U.S. policy on Internet taxation probably won't change anytime soon. That's not because the commission studying the issue has agreed on the point. Rather, the commission is so mired in procedural squabbles and infighting that it's tough to see how a coherent set of recommendations will be drawn up by next April, when it is due to U.S. Congress.
Congress appointed the Advisory Commission on Electronic Commerce as part of the Internet Tax Freedom Act, passed last year, which set a three-year moratorium on Internet sales and use taxes. The commission is holding a series of meetings across the country to talk about an issue that strikes at the heart of the Internet Economy: whether and how e-commerce businesses should collect sales and use taxes levied by state and local governments.
But at a meeting here this week, the 19-member commission, composed of state and federal leaders as well as Internet industry executives, has been unable to agree on any policy positions, even on a preliminary basis.
"I don't sense any consensus around any issue," said one commission staff member.
The commission spent much of the day wrangling over whether tax codes could be simplified, and whether existing tax rules were unfair to e-commerce vendors, brick-and-mortar merchants, or both. It also grappled with a number of resolutions, including a controversial proposal to delegate some of its work to a group of state officials.
Before a midday lunch break, the commission's chairman, Governor James Gilmore III (Republican, Virginia) announced that he would have to end the meeting early so he could rush back to take charge of Virginia's preparations for Hurricane Floyd. After the break, Gilmore's fellow governor on the commission, Michael Leavitt (Republican, Utah), grabbed the reins and proposed farming out a feasibility study to a group of tax experts from 30 states.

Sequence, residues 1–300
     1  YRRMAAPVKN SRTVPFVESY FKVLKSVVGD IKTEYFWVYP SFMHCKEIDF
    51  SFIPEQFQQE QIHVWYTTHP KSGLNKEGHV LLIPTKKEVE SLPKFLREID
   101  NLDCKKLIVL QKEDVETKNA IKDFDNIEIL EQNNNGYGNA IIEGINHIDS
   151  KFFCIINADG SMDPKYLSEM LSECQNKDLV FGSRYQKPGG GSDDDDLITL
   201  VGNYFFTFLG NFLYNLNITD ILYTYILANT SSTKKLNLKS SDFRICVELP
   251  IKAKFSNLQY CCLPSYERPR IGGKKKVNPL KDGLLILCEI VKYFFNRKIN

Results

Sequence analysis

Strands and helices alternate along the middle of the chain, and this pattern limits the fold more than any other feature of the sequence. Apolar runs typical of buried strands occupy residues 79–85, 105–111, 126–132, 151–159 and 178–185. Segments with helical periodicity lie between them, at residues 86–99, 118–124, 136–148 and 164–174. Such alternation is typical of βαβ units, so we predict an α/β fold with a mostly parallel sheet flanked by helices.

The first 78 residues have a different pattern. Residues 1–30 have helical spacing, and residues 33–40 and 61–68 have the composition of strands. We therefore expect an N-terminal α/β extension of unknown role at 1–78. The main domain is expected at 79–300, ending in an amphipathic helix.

"We need to figure out if we can make sales-tax (collection) work for the 21st century," Leavitt said. "If we can't... then I don't want to do it."
Leavitt said that the National Governors' Association, which he chairs, has already called a meeting of the states' group next week in Atlanta to hash out a plan to simplify the collection of sales and use taxes. Leavitt asked the commission to draw up a list of criteria for such a plan to forward to the group, which could then report back to the commission at its next meeting. Besides simplifying tax collection, any plan developed should stay away from calling for any new e-commerce tax legislation, Leavitt said.
Gilmore, who spent the meeting's lunch break dictating state-of-emergency declarations over the telephone to his staff back in Virginia, appeared exasperated with Leavitt's proposal.
"It sounds like we've got a different group right there that wants to compete with our commission," Gilmore said.
Commissioner Grover Norquist, the president of Americans for Tax Reform, questioned the wisdom of entrusting a study of the complex tax system to "the states who created it."
Leavitt retorted that his salary was paid by taxpayers, directly challenging Norquist's credentials as a taxpayer advocate. Another commissioner, Gene Lebrun, an attorney and former state legislator, came to Leavitt's defense, saying that "a lot of the mess we see comes from private interests lobbying for changes in the tax law."
Eventually, the commission voted to send a request to the states' group, but referred the final list of criteria to a drafting subcommittee of nine commission members, including Gilmore but not Leavitt.
In other developments during the meeting, Norquist pushed through a resolution supporting the Clinton administration's call for a permanent ban on tariffs on international e-commerce.
Commissioner Dean Andal, vice chairman of the California State Board of Equalization, introduced a dramatic resolution proposing a single nationwide standard that would tax online sales according to whether merchants have "substantial physical presences" in the taxing jurisdictions. Andal's resolution calls on Congress to codify a 1992 Supreme Court decision, Quill Corp. vs. North Dakota, which established the "physical presence" test. The commission did not vote on Andal's resolution.
The commission will meet again in December, in San Francisco, and in March, in Dallas, before reporting back to Congress next April.